I was not surprised to hear the news yesterday that nurses at Auckland's Middlemore Hospital emergency department had been given personal alarms to wear.

I imagine it won't be long before Hawke's Bay and the rest of the country follow suit.

In fact a spokeperson for the the Hawke's Bay DHB say they are looking into alarms for nurses now.

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It's a sad reflection on our society, which is steadily becoming more violent thanks to the misuse of alcohol and drugs.

It's just incredible that hospitals have to train staff in de-escalation techniques and some are going so far as to re-design their facilities to cope with lockdowns.

Remember we are talking about hospitals here, not prisons.

The dictionary says a hospital is "an institution providing medical and surgical treatment and nursing care for sick or injured people".

Unfortunately many people seeking help at the emergency departments of hospitals these days don't give a toss about staff or other patients.

They are abusive, violent and, quite frankly, don't deserve the care and attention provided for them.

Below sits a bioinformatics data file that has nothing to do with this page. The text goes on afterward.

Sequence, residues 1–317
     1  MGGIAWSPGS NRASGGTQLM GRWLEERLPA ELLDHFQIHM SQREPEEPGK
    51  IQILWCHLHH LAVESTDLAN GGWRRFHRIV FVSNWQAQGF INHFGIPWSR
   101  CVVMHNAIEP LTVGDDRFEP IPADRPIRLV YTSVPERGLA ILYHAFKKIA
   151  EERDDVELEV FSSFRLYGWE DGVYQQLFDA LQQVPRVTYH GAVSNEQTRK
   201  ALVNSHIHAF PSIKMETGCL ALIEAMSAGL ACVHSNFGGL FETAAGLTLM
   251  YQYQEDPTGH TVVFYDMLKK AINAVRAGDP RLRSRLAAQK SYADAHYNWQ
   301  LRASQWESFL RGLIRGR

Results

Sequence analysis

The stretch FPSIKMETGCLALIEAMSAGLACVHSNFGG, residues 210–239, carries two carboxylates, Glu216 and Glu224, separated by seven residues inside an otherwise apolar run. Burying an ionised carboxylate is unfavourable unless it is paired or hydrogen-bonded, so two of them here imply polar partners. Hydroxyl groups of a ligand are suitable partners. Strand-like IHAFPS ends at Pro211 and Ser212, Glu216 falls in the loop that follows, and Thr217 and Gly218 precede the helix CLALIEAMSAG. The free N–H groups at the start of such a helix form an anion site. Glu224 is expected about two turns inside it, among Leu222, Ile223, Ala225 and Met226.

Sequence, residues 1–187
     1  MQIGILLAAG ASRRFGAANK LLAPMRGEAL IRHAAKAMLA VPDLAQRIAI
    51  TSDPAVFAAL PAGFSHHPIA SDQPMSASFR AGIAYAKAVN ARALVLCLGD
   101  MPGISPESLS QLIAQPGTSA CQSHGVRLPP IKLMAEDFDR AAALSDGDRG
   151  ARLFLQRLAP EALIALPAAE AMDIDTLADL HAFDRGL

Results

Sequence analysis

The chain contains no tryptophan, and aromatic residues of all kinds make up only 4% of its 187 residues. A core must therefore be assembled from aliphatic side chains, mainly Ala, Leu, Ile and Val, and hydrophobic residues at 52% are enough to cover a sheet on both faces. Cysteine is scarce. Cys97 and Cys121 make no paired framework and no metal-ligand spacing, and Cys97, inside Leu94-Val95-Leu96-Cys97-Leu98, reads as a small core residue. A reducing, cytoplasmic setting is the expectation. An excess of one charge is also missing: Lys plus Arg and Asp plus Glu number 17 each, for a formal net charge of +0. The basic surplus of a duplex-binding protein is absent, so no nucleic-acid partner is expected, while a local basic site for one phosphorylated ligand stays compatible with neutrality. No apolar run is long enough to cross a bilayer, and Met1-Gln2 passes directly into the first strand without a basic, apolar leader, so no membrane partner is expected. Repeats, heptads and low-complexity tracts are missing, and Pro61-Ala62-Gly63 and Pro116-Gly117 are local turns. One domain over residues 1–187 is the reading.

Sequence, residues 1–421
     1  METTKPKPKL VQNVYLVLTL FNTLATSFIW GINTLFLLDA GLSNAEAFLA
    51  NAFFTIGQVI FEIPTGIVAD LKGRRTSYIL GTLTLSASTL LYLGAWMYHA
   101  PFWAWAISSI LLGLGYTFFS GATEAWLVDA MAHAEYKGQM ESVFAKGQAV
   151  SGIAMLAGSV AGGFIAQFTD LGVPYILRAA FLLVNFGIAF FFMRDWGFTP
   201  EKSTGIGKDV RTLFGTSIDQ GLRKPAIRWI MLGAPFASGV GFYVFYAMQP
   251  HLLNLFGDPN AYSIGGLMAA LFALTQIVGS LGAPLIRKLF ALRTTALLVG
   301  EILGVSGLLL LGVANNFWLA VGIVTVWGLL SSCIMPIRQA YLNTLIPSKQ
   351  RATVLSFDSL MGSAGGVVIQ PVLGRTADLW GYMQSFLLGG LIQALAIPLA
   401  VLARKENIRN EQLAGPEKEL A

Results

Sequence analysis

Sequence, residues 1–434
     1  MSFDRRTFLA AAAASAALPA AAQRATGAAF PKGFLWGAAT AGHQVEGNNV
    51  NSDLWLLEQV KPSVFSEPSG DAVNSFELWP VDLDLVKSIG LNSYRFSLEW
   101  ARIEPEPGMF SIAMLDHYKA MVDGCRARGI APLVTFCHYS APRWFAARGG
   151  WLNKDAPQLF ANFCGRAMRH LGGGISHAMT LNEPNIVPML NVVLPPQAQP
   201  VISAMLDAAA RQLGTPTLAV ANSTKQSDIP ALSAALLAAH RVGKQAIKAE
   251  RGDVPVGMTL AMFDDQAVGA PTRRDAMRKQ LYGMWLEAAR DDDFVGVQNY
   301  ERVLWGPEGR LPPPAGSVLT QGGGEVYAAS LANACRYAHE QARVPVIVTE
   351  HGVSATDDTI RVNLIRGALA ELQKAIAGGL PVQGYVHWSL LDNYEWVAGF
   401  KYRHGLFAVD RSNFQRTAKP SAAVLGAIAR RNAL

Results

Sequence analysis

District health boards have doubled their offer to nurses to settle recent pay negotiations.

They have been offered three pay rises of 3 per cent over the next three years.

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They deserve every cent of it.

I know a couple of nurses and not only are they kind caring people they are incredibly hard working. They don't work by the clock, they work to ensure their patients' care.

I don't know how many letters to the editor have been sent to this paper from people who have been in hospital thanking them for their care.

People grumble about the food but the reality is it's not a five star restaurant, and it's not home cooking.

While the food is important, of course, it doesn't have to be flash.

As the saying goes we should all walk a mile in their shoes.

I bet if every one of us walked a mile in a nurse's shoes, whether they work in the wards or the emergency department, we would be saying give them a all a medal — and a pay rise.